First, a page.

Ever scratched your arm and felt a scratch over your ribs? How about pinching your leg and feeling a phantom twinge in your back? That sensation is called referred itch or mitempfindung. And here's why scientists think it happens.
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Mitempfindung got its name from Johannes Muller, a German physiology professor who did a lot of work in the mid-1800s, finding out about the anatomy of everything from humans to frogs. It has been recorded all the back in the 1700s, and was probably wondered about well before then. In English, it goes by the name "referred itch," which is less challenging for the tongue. Considering how many people it affects, it's kept a low profile. You've probably heard it spoken of as, "that weird thing where you scratch one place, but feel a scratch in a totally other place."
Referred itch is mostly a subtle thing. If I pinch a spot on my right arm, I feel a twinge on the right side of my rib cage. Some people notice that, when they scratch their back or stomach, they feel something scratching their legs.
Occasionally it gets more dramatic. One man, who had undergone a heart transplant, noticed that when people touched his right ear, he had violent coughing spells. He felt the "tickle" in his throat. For the most part, referred itch does no damage, and so it hasn't been particularly well-studied. One study noted that people who have synesthesia had four times the base level of referred itch, but that study also indicated that only ten percent of the rest of the population had encountered it. Other studies have found that between fifty and ninety percent of people have experienced the phenomenon.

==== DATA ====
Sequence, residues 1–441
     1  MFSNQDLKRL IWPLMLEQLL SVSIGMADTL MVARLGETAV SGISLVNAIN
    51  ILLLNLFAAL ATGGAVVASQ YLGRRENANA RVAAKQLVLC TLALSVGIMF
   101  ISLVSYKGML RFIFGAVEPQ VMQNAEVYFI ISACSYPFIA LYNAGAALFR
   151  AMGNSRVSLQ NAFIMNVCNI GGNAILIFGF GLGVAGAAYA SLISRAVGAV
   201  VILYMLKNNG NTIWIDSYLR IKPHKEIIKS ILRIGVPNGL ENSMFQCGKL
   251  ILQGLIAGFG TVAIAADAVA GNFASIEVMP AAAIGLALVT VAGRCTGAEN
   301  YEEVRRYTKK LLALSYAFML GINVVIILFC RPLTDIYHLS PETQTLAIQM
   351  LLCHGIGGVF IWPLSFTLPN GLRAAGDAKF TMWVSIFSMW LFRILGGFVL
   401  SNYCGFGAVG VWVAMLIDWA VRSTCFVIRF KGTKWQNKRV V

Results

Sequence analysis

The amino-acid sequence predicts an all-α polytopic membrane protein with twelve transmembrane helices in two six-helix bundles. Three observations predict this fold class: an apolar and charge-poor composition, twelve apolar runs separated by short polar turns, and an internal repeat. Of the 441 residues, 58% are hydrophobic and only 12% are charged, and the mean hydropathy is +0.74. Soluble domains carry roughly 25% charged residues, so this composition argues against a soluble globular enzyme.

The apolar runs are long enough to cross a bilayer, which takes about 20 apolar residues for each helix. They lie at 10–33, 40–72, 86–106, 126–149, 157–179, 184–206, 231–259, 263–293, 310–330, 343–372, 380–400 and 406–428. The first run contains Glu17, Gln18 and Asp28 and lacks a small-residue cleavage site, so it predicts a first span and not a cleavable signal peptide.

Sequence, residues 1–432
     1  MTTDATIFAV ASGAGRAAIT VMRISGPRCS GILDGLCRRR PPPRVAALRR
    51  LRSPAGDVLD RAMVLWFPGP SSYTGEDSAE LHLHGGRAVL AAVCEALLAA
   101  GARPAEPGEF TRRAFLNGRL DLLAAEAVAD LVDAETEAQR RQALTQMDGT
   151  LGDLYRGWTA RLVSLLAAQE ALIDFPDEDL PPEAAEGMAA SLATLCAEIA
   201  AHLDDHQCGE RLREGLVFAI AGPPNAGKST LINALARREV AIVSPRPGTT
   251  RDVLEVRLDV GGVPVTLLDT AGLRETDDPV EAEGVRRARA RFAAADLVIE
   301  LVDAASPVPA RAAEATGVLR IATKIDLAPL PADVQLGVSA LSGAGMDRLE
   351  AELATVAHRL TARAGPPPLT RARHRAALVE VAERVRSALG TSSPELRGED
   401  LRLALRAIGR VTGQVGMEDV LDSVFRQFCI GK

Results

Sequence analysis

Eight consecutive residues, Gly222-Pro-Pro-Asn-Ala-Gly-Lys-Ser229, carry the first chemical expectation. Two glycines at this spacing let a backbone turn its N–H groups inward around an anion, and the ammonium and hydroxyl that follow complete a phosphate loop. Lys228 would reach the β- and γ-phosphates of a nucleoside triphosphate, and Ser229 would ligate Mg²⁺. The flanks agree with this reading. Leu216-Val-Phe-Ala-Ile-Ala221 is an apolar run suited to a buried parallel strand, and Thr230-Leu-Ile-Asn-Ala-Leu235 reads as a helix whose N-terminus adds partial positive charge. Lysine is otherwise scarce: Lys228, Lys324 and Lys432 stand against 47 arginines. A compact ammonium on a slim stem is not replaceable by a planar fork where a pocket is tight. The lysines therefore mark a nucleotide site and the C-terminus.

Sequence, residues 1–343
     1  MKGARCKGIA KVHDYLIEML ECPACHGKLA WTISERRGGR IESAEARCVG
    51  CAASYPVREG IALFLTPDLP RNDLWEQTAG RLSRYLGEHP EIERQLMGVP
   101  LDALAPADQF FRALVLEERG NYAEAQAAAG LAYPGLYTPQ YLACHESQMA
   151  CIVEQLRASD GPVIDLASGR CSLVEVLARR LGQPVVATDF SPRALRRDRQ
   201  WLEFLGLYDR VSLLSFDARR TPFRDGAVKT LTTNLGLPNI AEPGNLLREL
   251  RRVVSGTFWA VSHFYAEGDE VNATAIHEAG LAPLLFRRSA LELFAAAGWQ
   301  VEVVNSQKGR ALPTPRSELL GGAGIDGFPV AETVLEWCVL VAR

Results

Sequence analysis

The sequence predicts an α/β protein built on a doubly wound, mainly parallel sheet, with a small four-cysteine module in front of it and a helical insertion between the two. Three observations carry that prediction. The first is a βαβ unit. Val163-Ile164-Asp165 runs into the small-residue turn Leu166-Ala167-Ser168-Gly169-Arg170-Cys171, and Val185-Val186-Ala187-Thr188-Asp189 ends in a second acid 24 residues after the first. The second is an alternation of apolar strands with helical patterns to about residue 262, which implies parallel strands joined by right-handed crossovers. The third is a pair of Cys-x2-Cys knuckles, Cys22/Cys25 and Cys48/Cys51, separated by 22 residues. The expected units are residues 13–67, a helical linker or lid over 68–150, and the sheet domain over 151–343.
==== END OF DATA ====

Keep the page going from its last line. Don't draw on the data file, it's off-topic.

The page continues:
There are quite a few theories on what cause the itch. One is simply that, when people develop as embryos, certain nerves branch out more expansively than others. That would explain why the connected spots on the body are different from person to person. Generally the connected spots are on the arms, legs, and torso, but there are cases of connection between the ear and the throat, or the thumb and the tongue. There's also a theory that damage to the spinocervical pathway, a fast route between the nerves and the brain, might result in hyperactivity of the pathway's neurons. That, though, would probably produce a body-wide sensation, instead of sensation at discrete sites.
In the end, the twin twinges might be the result of the fact that the brain has to pack all the sensations of a large body into a small amount of space. In the cerebral cortex and the thalamus, both brain areas that deal with touch, regions in charge of the torso and the limbs overlap. A jangled nerve may excite a nearby nerve in the brain - but those two neighboring nerves deal with very different regions of the body.
Have you experienced mitempfindung? If so, try this experiment. Scratch one of your twin sites for a good long while. The brain doesn't just play tricks with space, but with time as well. Often you'll feel a scratching sensation in a spot (any spot) well after you stopped. But do you feel a scratching in both? Let us know your mitempfindung stories!
Image: Brain Maps
[Via Cortex, Brain, European Neurology, BMJ.]